Memory Re-Drawn: Julie Doucet’s Time Zone J

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Fish swim out of a head of hair, menstrual blood rains down, anonymous faces smirk: The comics of Julie Doucet have always been subversive, sly, and honest. Her newest work, Time Zone J, is no different. Recently awarded the prestigious Grand Prix at the 49th Angoulême International Comics Festival for lifetime achievement as a comics artist, Doucet has completed her most complex comic work yet.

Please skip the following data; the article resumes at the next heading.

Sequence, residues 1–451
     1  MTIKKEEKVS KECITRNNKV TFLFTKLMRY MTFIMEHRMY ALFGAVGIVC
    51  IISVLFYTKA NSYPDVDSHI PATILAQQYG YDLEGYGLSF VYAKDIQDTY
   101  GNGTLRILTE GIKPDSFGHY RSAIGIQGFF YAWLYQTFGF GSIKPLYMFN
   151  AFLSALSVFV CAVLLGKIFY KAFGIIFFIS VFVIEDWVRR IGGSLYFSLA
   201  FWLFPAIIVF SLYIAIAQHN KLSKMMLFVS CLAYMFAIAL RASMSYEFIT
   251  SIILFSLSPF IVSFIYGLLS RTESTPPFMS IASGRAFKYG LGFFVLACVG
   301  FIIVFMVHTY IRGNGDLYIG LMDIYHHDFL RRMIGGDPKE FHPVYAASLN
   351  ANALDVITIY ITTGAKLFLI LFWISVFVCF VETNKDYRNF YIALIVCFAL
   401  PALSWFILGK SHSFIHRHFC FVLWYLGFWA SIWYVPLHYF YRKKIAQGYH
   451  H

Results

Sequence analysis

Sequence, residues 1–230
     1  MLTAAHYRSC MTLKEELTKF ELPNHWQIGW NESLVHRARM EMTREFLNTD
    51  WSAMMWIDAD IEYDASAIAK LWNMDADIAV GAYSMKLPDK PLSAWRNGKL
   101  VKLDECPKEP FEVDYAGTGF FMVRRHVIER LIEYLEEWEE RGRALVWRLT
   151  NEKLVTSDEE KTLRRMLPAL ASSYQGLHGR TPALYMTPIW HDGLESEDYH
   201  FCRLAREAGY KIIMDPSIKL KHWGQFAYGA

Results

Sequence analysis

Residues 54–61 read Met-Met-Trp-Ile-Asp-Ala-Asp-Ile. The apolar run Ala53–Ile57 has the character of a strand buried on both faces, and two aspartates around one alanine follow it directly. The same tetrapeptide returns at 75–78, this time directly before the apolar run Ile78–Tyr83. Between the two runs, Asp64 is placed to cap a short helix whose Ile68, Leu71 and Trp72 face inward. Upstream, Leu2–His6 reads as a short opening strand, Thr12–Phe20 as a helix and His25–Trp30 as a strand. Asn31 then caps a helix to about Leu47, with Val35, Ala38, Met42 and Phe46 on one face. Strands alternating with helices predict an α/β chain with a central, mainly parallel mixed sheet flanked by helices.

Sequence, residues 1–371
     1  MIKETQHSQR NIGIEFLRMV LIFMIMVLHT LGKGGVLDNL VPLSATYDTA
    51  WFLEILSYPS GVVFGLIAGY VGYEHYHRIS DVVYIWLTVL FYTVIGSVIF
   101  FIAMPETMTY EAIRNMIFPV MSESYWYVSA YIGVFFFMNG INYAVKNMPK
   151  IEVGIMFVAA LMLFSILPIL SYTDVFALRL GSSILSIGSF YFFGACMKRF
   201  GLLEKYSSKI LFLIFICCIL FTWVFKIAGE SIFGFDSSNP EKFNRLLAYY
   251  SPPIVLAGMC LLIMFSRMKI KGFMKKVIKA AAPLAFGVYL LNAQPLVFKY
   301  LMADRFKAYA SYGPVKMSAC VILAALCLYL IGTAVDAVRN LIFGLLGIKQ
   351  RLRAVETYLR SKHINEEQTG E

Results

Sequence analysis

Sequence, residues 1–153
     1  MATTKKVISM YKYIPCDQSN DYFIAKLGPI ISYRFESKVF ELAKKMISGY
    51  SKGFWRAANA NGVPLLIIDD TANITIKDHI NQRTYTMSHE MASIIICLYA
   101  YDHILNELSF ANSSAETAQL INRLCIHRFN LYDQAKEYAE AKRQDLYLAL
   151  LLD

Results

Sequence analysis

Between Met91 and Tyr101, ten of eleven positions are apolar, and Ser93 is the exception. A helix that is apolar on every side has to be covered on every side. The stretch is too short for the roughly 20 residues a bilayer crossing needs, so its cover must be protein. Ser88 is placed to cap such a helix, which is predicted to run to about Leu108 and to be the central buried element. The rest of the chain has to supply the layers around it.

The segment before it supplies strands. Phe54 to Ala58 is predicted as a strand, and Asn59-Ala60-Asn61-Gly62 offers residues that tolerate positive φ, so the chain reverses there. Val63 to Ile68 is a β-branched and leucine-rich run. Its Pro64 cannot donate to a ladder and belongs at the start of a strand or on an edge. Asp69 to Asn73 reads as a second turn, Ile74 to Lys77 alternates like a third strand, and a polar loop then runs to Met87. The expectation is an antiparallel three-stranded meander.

Montreal-born-and-based Doucet began making photocopied and stapled zines in the late 1980s, influenced by her time in art school. In 1987, Doucet self-published Dirty Plotte; over the course of fourteen months, she drew, wrote, and collaged the fourteen issues of the minicomic in her apartment. These comics frankly showed a woman’s sexual desires and her unique experience of the world, mixing fantasy and reality in a playful and sometimes violent tableau. Because of the comics’ tonal range–in one story, Julie’s anthropomorphized dishes threaten to kill her, in another, she quietly loses her virginity–Dirty Plotte became a touchstone for readers and comic creators alike. Drawn & Quarterly released the first compilation of these zines, Dirty Plotte #1, in January 1991. The angsty and humorous comic won the Harvey Award for “Best New Series,” and Doucet herself won “Best New Talent.” The Comics Journal soon listed Dirty Plotte as one of the top 100 comics of all time.